Within the housing is disposed a substantially tubular separation wall 7, which at its lower end is in contact with the bottom 4. The support 6 is preferably ring shaped and formed integrally with the bottom 4. In a mounted state the ring shaped support 6 is inserted inside a lower part 7a of the separation wall 7. The separation wall 7 preferably has an upper wall part 7b with a greater diameter than the lower wall part 7a. The cooling tank 2 can be filled with a heat transfer fluid, preferably water. The separation wall 7 divides the inside of the cooling tank 2 in an outer cooling chamber 9 and an inner cooling chamber 10.

A coil shaped evaporator conduit 8 of an evaporator device is disposed within a lower part 10a of the inner cooling chamber 10. Above the evaporator coil 8 at the level of the upper part 7b of the separation wall 7a carbonator vessel 11 is arranged within an upper part 10b of the inner cooling chamber 10.

Within a lower part 9a of the outer cooling chamber 9a preferably coil shaped primary cooling conduit 12 is disposed. The windings of the primary cooling coil 12 surround at least partly the lower wall part 7a of the separation wall 7 and are spaced therefrom. Within an upper part 9b of the outer cooling chamber 9a preferably coil shaped secondary cooling conduit 13 is arranged. The windings of the secondary cooling coil surround the upper wall part 7b of the separation wall 7. The cooling water in the tank 2 has the lowest temperature at the lower side of the tank 2. The circulating cooling water in the cooling tank 2 will generally flow via a passage and/or a pump at the lower side from the inner chamber 10, where it is in contact with the ice bank to the outer chamber 9 and then move upwardly. The primary cooling conduit 12 is thus surrounded by the coolest water, which is advantageous, because the most thermal energy has to be withdrawn from the generally relatively warm fresh water coming from the water supply. The secondary cooling conduit 13 is surrounded by cooling water with a higher temperature, but still cold enough for additionally cooling the already cooled carbonised water. The proposed structure leads thus to an efficient transfer of thermal energy, which has the advantageous effect that the cooling conduits 12, 13 can be made less long which makes it possible to achieve a more compact design of the coolings system.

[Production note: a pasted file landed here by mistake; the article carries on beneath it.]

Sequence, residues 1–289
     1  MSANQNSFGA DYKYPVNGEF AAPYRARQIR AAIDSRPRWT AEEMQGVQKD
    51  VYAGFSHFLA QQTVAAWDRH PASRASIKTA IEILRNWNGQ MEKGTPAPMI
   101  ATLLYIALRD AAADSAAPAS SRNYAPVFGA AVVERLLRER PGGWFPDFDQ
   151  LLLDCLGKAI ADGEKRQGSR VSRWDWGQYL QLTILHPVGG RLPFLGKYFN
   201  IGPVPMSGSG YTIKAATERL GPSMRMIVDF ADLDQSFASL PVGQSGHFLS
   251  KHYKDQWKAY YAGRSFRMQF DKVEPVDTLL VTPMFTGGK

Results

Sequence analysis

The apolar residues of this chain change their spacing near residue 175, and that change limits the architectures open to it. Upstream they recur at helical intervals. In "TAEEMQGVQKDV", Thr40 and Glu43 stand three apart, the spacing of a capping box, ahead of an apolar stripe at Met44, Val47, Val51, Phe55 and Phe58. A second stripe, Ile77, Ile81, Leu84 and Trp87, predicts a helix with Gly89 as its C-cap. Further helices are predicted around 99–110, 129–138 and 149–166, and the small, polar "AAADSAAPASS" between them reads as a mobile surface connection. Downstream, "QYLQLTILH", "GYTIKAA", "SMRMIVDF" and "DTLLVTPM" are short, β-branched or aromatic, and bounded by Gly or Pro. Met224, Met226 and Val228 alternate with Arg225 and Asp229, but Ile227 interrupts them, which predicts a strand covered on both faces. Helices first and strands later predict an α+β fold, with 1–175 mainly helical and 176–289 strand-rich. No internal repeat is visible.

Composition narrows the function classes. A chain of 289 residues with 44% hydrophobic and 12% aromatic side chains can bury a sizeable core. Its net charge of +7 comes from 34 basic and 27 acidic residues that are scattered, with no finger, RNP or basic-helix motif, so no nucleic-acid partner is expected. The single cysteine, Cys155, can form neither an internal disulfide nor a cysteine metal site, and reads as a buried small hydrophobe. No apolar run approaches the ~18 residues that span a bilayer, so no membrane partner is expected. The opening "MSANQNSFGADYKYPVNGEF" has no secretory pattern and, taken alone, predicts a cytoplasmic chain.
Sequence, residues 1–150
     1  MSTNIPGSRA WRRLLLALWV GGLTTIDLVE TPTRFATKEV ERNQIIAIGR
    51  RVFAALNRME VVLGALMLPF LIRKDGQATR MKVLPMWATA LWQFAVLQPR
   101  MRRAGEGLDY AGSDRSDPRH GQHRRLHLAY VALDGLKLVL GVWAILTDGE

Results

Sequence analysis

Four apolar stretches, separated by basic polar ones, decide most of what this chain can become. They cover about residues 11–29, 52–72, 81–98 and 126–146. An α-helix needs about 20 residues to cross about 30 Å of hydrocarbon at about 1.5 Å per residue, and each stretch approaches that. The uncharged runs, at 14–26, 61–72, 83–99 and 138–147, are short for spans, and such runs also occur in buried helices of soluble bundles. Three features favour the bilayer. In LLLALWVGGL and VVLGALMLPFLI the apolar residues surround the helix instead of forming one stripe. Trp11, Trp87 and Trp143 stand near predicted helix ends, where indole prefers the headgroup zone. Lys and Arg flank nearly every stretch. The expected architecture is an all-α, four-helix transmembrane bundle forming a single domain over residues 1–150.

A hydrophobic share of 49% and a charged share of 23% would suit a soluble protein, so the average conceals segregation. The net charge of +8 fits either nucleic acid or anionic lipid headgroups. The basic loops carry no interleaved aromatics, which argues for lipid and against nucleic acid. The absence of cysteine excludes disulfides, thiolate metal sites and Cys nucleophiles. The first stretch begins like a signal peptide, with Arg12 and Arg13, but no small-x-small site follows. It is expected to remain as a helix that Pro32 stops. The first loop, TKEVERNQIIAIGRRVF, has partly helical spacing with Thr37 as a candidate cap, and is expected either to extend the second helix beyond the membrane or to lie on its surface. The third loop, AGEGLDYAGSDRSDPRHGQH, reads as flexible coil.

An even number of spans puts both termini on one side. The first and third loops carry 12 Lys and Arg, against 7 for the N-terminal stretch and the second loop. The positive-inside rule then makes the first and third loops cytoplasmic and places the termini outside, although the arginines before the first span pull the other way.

The evaporator coil 8 can be connected to a standard refrigeration system through which a preferably standard cooling agent is circulated. In the preferred embodiment the cooling tank 2 is filled with cooling water. By operation of the refrigeration system an ice bank can be created within the inner chamber 10 on the outside and the inside of the evaporator coil 8. The lower part 7a of the separation wall 7 delimits the thickness of the ice bank on the outside of the evaporator coil 8. This ensures that enough space is available between the ice bank and the primary cooling coil 12, through which the cooling water in the cooling tank 2 can circulate, which is expedient for a good heat transfer between the cooling water and the water flowing through the primary cooling coil 12. By means of a sensor 14 the thickness of the ice bank can be determined. The sensor 14 is connected to a control system (not shown) of the refrigeration system. The control system controls the thickness of the ice bank such that it does not grow too thick, in which case a sufficient circulation flow of water in the cooling tank 2 would be obstructed.

The primary cooling coil 8 has an inlet 8a which is connected to a water supply and an outlet 8b which is connected to a carbonator vessel 11 at the carbonator head 16 as can be seen in FIG. 2. The carbonator vessel 11 can be any suitable commercially available carbonator vessel. In FIG. 1 can be seen that a lid 15 is placed on top of the cooling tank 2 so as to seal off the inside. The lid 15 is provided with a carbonator head 16 to seal of the upper side of the carbonator vessel 11 and which is provided with connections for fluid and gas lines as well as a safety valve 22 and electrodes 23.

A bottle or other container filled with carbon dioxide (CO2) gas is coupled to the carbonator vessel 11 via a CO2 feeding line 19 for supplying carbon dioxide to be mixed with the water in the vessel 11. In the preferred embodiment the primary coil 8 has a branch 20 (see FIG. 2), preferably near the connection with the carbonation vessel 11. The branch is connected to a dispensing line (not shown) for cooled water.

The secondary cooling coil 13 has an inlet 17 which is connected with the carbonator vessel 11 at the carbonator head 16. The outlet 21 of the secondary coil 13 is connected to a dispensing line (not shown) for cooled carbonated water.

In the lower region of the tank 2a circulation pump 18 is arranged. The circulation pump 18 is connected to the inner chamber 10 at an pump inlet 18a at the level of the ring shaped support 6. The circulation pump 18 is connected with the outer chamber 9 at the pump outlet 18b. In operation the pump 18 withdraws water from the inner chamber 10, in which the evaporator coil 8 is disposed, and pump it into the outer chamber 9 or vice versa. Preferably the pump 18 is a continuously operating pump.

Between the lid 15 and the upper end of the separation wall 7a passage 20 is present which allows a water flow between the outer chamber 9 and the inner chamber 10.